Who's been orphaned by a trailer manufacturer? - Fiberglass RV


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Old 05-12-2013, 11:06 PM   #1
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Who's been orphaned by a trailer manufacturer?

So, who's been around long enough to have owned a fiberglass trailer, only to have the original manufacturer go out of business, orphaning them?

What effect did it have on your warranty, if you had one when the company went under? Probably worthless?

Did you keep it, and keep using it, or did you feel you needed to have one that a company was still around to support?

I realize that perhaps not many folks might fit in this category, but...just wondering. Looking around at the current companies building fiberglass, I can't say I see any going O.O.B. soon, but, well, you never know, now do you?

There are so many trailers out there that have no parent company anymore, I'm just wondering what it was like to have owned one at the time of the company's demise.
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Old 05-12-2013, 11:14 PM   #2
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Originally Posted by LeonardS View Post
So, who's been around long enough to have owned a fiberglass trailer, only to have the original manufacturer go out of business, orphaning them?

What effect did it have on your warranty, if you had one when the company went under? Probably worthless?

Did you keep it, and keep using it, or did you feel you needed to have one that a company was still around to support?

I realize that perhaps not many folks might fit in this category, but...just wondering. Looking around at the current companies building fiberglass, I can't say I see any going O.O.B. soon, but, well, you never know, now do you?

There are so many trailers out there that have no parent company anymore, I'm just wondering what it was like to have owned one at the time of the company's demise.
Most of your concerns are unfounded since most components and accessories are warranteed by their particular manufacturer. Like Suburban for the stove and furnace, or coleman for the A/C, or Dexter for the axle, even Hehr for the windows.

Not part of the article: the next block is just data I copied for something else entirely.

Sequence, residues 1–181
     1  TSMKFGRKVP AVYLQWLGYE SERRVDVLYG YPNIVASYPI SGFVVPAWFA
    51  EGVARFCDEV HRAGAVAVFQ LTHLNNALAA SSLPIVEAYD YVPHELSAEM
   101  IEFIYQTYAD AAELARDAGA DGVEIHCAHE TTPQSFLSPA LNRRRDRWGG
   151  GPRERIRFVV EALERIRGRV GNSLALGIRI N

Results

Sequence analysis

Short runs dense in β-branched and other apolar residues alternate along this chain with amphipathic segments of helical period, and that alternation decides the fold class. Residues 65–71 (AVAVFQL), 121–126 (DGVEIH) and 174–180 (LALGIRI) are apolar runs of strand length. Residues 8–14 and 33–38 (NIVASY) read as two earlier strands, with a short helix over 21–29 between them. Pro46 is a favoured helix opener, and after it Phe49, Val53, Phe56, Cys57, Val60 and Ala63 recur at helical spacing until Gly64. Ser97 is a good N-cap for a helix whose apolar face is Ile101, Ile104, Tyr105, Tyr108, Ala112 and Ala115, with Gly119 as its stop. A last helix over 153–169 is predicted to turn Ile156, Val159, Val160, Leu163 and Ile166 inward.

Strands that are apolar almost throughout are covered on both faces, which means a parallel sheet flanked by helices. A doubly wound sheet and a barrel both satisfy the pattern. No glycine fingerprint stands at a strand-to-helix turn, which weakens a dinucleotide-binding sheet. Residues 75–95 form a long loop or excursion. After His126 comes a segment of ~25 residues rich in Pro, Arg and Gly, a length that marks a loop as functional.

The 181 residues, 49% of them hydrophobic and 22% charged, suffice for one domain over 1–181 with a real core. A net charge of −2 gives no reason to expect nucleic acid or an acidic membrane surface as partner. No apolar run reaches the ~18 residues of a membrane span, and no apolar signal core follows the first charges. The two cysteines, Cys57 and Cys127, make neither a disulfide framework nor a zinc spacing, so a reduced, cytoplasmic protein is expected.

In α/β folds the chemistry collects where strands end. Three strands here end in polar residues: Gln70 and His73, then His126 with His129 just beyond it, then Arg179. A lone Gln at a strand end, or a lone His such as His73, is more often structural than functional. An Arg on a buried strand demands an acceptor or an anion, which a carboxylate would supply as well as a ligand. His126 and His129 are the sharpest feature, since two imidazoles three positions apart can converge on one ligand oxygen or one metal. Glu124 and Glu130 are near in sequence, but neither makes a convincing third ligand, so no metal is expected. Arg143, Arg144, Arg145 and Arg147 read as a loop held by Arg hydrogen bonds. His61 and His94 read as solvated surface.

Besides the warranty is only a year in most cases so the odds are good that you could see that far down the road before you buy.
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Old 05-13-2013, 07:44 AM   #3
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Originally Posted by LeonardS View Post
So, who's been around long enough to have owned a fiberglass trailer, only to have the original manufacturer go out of business, orphaning them?

What effect did it have on your warranty, if you had one when the company went under? Probably worthless?

Did you keep it, and keep using it, or did you feel you needed to have one that a company was still around to support?

I realize that perhaps not many folks might fit in this category, but...just wondering. Looking around at the current companies building fiberglass, I can't say I see any going O.O.B. soon, but, well, you never know, now do you?

There are so many trailers out there that have no parent company anymore, I'm just wondering what it was like to have owned one at the time of the company's demise.
One of the more common brands on this forum is Boler, and Boler went out of bisiness many years ago. Most trailer manufacturers use parts from generic RV sources. This means that parts are easy to come by.

Remember, this is a trailer not a car we are taking about. In a car, you have a large assortment of engine and suspension components. Many parts are only used on one or a handful of automotive models. Sourcing parts on an orphan car becomes more difficult.
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Old 05-13-2013, 07:59 AM   #4
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Most of the FG camping trailers are orphans. It really isn't a big deal. If the shell is intact, you can replace most anything from general RV parts. If the shell is damaged, you can get it repaired at a boat shop.
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Old 05-13-2013, 09:38 AM   #5
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Those of us with Bigfoot trailers know this scenario well. Bigfoot Industries went bankrupt and closed its doors without any warning a few years ago. My trailer was already out of warranty at that time, so I didn't worry about that. The things that are most likely to break, like appliances and component parts are warranted by their individual manufacturers. The only thing custom made in the trailer factory is the fiberglass shell and a few fiberglass fittings. In the case of the Bigfoot, these were the fiberglass spare tire cover, propane tank cover, front gravel guard-window cover and fender skirts. These parts would have been impossible to replace with original parts. Bigfoot is now back in business, on a smaller scale, so I am a little more relaxed about that issue. But as stated, fiberglass is repairable. I have always been an admirer of wide-body Burro trailers for example. They have been out of business for years, but if I found a deal on one, I would grab it in a heartbeat. Some trailers, like the Oxygen, are so rare that people covet them and will pay a premium. They were only made for a year or two.
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Old 05-13-2013, 08:16 PM   #6